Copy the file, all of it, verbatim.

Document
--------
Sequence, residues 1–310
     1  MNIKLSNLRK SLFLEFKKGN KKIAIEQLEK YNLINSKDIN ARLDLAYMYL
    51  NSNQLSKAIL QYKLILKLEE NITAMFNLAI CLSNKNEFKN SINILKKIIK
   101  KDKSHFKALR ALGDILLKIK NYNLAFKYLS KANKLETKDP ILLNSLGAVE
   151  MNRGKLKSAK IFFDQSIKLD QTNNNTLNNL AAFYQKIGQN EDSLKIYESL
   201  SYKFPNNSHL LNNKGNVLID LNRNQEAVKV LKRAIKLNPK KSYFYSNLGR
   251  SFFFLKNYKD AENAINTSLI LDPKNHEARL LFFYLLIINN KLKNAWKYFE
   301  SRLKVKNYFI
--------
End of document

Sequence, residues 1–310
     1  MNIKLSNLRK SLFLEFKKGN KKIAIEQLEK YNLINSKDIN ARLDLAYMYL
    51  NSNQLSKAIL QYKLILKLEE NITAMFNLAI CLSNKNEFKN SINILKKIIK
   101  KDKSHFKALR ALGDILLKIK NYNLAFKYLS KANKLETKDP ILLNSLGAVE
   151  MNRGKLKSAK IFFDQSIKLD QTNNNTLNNL AAFYQKIGQN EDSLKIYESL
   201  SYKFPNNSHL LNNKGNVLID LNRNQEAVKV LKRAIKLNPK KSYFYSNLGR
   251  SFFFLKNYKD AENAINTSLI LDPKNHEARL LFFYLLIINN KLKNAWKYFE
   301  SRLKVKNYFI